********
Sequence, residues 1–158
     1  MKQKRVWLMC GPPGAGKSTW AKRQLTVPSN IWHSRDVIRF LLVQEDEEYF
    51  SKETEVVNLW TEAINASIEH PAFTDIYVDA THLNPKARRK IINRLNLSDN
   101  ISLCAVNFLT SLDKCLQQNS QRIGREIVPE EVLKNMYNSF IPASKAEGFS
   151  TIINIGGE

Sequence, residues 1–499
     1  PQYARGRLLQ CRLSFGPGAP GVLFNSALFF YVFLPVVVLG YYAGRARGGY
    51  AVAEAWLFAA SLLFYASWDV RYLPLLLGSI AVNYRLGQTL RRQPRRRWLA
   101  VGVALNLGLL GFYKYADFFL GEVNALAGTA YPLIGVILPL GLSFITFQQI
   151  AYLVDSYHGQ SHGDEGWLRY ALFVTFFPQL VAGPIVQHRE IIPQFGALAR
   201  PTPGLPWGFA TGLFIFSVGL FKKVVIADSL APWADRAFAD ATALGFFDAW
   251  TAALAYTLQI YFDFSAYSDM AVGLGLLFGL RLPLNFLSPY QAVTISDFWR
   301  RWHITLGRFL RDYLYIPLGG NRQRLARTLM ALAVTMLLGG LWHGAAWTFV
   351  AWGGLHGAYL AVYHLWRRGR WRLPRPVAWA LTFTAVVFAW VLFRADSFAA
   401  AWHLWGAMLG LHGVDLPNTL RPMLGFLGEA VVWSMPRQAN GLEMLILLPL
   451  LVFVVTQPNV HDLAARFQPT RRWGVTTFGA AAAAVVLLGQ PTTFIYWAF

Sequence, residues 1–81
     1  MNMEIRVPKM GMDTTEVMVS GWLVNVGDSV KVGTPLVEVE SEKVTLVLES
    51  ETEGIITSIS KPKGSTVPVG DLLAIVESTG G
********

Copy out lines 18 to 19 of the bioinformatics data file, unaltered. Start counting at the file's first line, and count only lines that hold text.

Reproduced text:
     1  MNMEIRVPKM GMDTTEVMVS GWLVNVGDSV KVGTPLVEVE SEKVTLVLES
    51  ETEGIITSIS KPKGSTVPVG DLLAIVESTG G